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Case of the Day: Giraldo v. Drummond Co.

The case of the day is Giraldo v. Drummond Co. (N.D. Ala. 2013). The plaintiffs were the wives, parents, or children of people who had been murdered by the AUC paramilitary group in Colombia. They sued Drummond, which, it claimed, had made an agreement with the AUC to provide security for the area around one of Drummond’s mines and its railway lines. The claim was brought under the Alien Tort Statute, the Torture Victim Protection Act, and Colombian wrongful death law. As you can probably guess, the Supreme Court’s Kiobel decision cramped the plaintiffs’ style. In an attempt to avoid summary judgment on Kiobel grounds, the plaintiffs offered testimony from the deposition of Jaime Blanco Maya, a supposed intermediary between the AUC and Drummond. 1 Blanco, according to the judge, refused to answer questions on cross-examination, instead saying: “What I don’t—see, what I said is already there. It’s clear it was made in that statement and if I already made it in that statement I don’t see it needs to be repeated.” According to the judge, this answer or non-answer constituted a denial of Drummond’s right of cross-examination. Really? Did Drummond move to compel? I don’t buy this reasoning at all. I see no reason why the plaintiffs should not be allowed to use the testimony. Let Drummond file an affidavit under FRCP 56(d) if it thinks that it has been prevented from adducing the evidence it needs to oppose a motion for summary judgment.

The plaintiffs also offered a declaration of Jose Gelvez Albarracin. The judge held it could not be considered on summary judgment because Gelvez had also given testimony at a deposition, and the substance of what he had to say in the declaration was not part of his testimony at the deposition. Again: really? Where does this supposed rule come from? Not from FRCP 56. This certainly doesn’t seem to be the rule of Macuba v. Deboer, 193 F.3d 1316 (11th Cir. 1999), the case Drummond cites for the proposition. There is no rule that forbids a party to offer a declaration from a witness who has also given testimony at a deposition, as far as I know.

In short, these aspects of the decision seem just flat-out wrong. Unfortunately, the judge held in the alternative that the case would be dismissed under Kiobel even if he had considered the plaintiffs’ evidence. So it seems unlikely that these mistakes will receive significant appellate attention.

Notes:

  1. Blanco was deposed in Colombia, but apparently in a US-style proceeding where both sides’ lawyers had the opportunity to examine and cross-examine.

Case of the Day: Giraldo v. Drummond Co.

The case of the day is Giraldo v. Drummond Co. (N.D. Ala. 2012). According to the complaint, Drummond owned a coal mine in La Loma, in Colombia’s Cesar Province, and it shipped its coal from Santa Marta, in Magdalena Province. Both areas were under the control of the FARC, the Revolutionary Armed Forces of Colombia, a leftist group, and the FARC would attack Drummond for the purpose of seizing its land and redistributing it to peasants. The United Self Defense Forces of Colombia, the AUC, was active in both Cesar and Magdalena Provinces, and by 1997 a civil war was raging there. By 1999, according to the complaint, Drummond had begun to side with the AUC, providing money for arms, soldiers, and operating expenses and getting involved in setting the AUC’s strategy in its war against the FARC. The plaintiffs alleged that “as a result of Drummond’s direct intervention in the civil conflict in these areas, hundreds of people living in Drummond’s railroad corridor were executed as the AUC utilized its well-known scorched earth methodology as a way to terrorize the local population and ensure they would no longer support or sympathize with the FARC.” The plaintiffs, who were the survivors of some of those allegedly executed, sued Drummond and three of its officials, Augusto Jiménez, President of Drummond Ltd., James Adkins, former director of security for Drummond Co., and Mike Tracy, president of DCI mining operations, asserting claims under the Alien Tort Statute and the Torture Victims Protection Act.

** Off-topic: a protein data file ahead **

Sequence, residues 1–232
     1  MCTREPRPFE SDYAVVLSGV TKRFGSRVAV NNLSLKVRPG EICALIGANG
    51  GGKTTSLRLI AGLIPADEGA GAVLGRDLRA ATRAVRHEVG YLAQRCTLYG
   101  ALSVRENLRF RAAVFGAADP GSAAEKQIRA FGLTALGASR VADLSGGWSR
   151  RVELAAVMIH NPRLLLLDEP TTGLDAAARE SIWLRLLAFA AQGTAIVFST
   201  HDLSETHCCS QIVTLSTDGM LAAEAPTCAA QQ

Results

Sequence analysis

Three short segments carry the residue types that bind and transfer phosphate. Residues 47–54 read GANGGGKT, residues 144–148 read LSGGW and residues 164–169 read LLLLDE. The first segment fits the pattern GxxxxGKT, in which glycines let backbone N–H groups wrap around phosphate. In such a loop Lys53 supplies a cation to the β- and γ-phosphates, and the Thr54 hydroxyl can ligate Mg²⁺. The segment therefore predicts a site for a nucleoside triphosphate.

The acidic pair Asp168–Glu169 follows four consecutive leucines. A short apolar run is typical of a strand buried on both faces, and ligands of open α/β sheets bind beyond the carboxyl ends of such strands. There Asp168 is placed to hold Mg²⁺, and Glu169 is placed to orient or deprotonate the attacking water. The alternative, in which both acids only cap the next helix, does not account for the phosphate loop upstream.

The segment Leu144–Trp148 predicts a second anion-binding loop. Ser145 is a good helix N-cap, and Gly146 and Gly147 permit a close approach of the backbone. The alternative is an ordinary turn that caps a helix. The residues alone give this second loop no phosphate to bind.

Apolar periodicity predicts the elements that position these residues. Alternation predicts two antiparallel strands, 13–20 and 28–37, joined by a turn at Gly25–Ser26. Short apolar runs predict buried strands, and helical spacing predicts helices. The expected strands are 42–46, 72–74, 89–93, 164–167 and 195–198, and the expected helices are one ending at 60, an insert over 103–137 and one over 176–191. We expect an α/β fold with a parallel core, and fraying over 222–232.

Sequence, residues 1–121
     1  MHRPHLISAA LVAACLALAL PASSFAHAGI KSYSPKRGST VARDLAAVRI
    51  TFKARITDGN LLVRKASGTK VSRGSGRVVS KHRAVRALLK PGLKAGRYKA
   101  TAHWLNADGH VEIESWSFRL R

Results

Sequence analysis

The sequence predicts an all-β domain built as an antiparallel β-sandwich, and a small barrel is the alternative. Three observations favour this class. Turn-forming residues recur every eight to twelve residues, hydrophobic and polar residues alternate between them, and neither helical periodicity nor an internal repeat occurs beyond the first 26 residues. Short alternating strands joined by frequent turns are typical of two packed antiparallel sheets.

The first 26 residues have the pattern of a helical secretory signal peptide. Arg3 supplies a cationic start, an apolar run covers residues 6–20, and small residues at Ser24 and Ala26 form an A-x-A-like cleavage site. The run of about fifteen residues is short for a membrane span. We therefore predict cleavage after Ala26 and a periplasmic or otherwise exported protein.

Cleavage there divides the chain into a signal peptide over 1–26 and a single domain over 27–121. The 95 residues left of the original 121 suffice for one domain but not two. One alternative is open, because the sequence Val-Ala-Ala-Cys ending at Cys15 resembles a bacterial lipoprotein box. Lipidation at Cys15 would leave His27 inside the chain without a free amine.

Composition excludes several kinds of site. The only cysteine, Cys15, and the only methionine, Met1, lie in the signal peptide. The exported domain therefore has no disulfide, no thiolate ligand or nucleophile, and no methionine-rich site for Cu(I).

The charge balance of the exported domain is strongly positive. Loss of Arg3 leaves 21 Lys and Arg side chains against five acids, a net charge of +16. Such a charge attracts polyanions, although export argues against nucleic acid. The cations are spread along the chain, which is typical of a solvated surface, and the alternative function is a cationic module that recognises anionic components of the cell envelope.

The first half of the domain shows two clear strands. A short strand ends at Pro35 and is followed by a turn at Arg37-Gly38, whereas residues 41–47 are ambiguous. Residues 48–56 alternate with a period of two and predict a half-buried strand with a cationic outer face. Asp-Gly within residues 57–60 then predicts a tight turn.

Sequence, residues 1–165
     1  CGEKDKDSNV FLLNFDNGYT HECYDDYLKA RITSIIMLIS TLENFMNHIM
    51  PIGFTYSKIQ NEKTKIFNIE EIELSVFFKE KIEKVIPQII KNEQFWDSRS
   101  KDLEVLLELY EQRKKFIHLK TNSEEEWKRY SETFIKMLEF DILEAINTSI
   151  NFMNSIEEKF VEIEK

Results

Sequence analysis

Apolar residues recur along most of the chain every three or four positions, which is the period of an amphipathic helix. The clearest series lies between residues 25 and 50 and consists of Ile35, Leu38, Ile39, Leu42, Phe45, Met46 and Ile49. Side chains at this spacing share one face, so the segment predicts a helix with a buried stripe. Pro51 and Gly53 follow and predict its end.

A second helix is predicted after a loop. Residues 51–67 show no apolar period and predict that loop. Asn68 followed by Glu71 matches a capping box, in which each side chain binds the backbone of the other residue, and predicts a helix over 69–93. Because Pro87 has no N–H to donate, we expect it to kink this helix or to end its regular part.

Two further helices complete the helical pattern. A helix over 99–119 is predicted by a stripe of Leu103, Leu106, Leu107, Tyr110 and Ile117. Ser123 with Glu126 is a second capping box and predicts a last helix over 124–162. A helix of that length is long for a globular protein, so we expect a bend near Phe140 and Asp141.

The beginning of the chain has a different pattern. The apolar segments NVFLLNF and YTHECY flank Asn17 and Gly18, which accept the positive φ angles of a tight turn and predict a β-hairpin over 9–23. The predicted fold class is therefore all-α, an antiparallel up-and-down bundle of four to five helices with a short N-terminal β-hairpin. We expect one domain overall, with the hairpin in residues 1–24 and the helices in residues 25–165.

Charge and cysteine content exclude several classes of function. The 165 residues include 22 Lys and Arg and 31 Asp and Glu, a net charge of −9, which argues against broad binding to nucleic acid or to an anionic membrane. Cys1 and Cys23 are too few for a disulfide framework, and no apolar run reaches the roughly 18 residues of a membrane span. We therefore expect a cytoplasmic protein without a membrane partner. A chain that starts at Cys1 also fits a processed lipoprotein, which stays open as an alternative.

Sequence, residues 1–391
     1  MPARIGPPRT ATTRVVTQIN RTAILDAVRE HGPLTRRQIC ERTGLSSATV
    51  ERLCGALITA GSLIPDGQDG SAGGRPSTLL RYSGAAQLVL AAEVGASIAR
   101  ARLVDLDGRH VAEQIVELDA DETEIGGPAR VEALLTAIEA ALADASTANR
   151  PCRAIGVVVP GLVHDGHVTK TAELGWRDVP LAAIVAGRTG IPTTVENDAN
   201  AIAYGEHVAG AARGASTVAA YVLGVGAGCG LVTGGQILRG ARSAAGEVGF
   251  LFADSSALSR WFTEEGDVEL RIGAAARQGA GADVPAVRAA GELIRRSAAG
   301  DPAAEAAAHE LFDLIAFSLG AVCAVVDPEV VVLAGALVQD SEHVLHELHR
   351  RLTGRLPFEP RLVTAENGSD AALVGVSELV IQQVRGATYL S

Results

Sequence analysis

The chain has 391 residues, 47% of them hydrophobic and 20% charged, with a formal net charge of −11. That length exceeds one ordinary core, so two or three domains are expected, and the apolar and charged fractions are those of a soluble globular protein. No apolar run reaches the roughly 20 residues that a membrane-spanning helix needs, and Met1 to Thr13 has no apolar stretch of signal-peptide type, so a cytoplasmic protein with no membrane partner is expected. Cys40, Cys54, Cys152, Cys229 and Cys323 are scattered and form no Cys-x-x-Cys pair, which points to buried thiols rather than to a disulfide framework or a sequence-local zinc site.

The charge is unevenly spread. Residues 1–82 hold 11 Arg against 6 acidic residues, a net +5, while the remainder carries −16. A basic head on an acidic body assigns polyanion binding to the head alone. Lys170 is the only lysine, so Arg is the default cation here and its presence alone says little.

The plaintiffs sought the issuance of letters rogatory, asserting that during discovery, they had discovered that several demobilized soldiers of the AUC might have information about the defendants’ relationship with the AUC and involvement in the assassination of union leaders in Colombia. But the deadline for issuing letters rogatory that the court had established had passed. The plaintiffs asserted that the deadline was inapplicable because they sought the new witnesses’ evidence for trial purposes, not only for discovery purposes. 1 The judge decided to issue the letters rogatory, but only on the condition that the depositions be completed by the discovery cut-off date, which the judge had earlier set to be more than a year after the letter rogatory cut-off date.

There is some hint in the decision that the parties had taken enough evidence pursuant to letters rogatory in the case that it was likely that the new witnesses’ evidence could be taken by the time discovery closed, approximately two months after the court’s order. I hope that is the case, because otherwise, given the typical length of time it takes to execute a letter rogatory, this decision could well be a Pyrrhic victory for the plaintiffs.

Notes:

  1. In some American states, e.g., Illinois, there is a strong distinction between “trial” depositions and “discovery” depositions. In other American states, e.g., Massachusetts, where I practice, there doesn’t seem to be any particular distinction. So this portion of the discussion does not seem particularly compelling to me. But it may make more sense to lawyers practicing in Alabama.